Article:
The retrenchment exercise at Botswana Railways is taking an interesting turn with a firm deadline having been decided upon and three full days having been set aside to thrash out a separation package deal.
At this point and with little progress being made, the parastatal organisation’s management and the Botswana Railways Amalgamated Workers Union (BRAWU) are still in the throes of sealing that deal. Final negotiations on the package have been scheduled for June 5, 6, and 7 this year and in compliance with instructions from the Board of Directors, negotiations should be finalised by June 30.
The deadline notwithstanding, the BRAWU leadership is itself hamstrung in that at this point in time, its term of office expired in March and is in the constitutionally-mandated winding-up phase. The constitution gives office holders three months after their term expires to wind up and hand over to the incoming leadership. This phase ends on June 30, the precise date that negotiations should be concluded. Effectively that means that the union has no mandate to negotiate with management after that date. In a situation where there was no firm deadline, that could work in the union’s favour because it could delay the implementation of an exercise that it maintains is unnecessary.
BR’s plan was to have shed some 147 employees by December 15 last year but BRAWU rushed to the Gaborone Industrial Court with an urgent application to argue that no consultations had taken place. The court ruled in its favour and the process was started over, meaning naturally, that BR has incurred more costs that it had planned to post-December 15. The organisation had already invested a lot in terms of both human and financial resources. A company called EOH Consulting carried out a study of the organisation’s operations and at one point, the exercise entailed a benchmarking trip to Brazil. Subsequently, management went on a national line tour to appraise staff of possible developments following the consultancy. The one most crucial outcome was the decision to retrench 147 employees and in preparation for that, BR engaged the services of a psychiatrist to mentally prepare staff members for possible job losses. The psychiatrist conducted group counselling sessions at three BR stations: Francistown, Gaborone and Mahalapye.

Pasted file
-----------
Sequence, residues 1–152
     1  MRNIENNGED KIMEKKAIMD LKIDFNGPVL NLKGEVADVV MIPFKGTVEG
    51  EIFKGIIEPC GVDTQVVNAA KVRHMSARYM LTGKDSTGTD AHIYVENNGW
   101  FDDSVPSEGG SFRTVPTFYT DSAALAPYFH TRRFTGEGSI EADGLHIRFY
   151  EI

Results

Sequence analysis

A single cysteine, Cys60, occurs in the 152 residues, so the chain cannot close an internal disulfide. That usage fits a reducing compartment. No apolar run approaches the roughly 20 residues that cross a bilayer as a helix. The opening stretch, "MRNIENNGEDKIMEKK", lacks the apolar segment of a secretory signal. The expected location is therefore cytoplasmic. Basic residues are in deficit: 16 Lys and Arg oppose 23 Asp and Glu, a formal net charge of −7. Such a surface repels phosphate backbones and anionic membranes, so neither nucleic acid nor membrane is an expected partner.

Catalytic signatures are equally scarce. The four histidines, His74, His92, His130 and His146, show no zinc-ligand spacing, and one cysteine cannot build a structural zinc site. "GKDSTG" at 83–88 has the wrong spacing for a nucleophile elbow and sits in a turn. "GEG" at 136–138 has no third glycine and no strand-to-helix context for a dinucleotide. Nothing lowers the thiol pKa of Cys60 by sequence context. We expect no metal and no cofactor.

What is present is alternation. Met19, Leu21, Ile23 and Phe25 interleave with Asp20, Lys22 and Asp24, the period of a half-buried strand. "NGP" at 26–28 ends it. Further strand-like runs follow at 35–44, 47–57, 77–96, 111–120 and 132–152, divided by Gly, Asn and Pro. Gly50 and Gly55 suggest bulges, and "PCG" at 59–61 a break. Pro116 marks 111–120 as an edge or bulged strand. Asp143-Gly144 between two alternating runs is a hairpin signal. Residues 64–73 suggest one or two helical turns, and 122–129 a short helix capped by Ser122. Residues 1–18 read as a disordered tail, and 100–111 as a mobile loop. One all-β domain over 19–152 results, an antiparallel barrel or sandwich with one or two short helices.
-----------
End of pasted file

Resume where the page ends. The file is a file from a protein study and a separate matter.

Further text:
While this may be a difficult phase for BR, there is a shaft of bright light prominently visible at the end of the tunnel that it the parastatal is currently slogging through. It stands to gain bountifully from the proposed 1500-kilometre Trans-Kalahari Railway line that the government of Botswana and Namibia plan to build at a cost of US$1.4 billion. There is a good chance that when the line is operating, some of the employees who are to be retrenched will rejoin BR.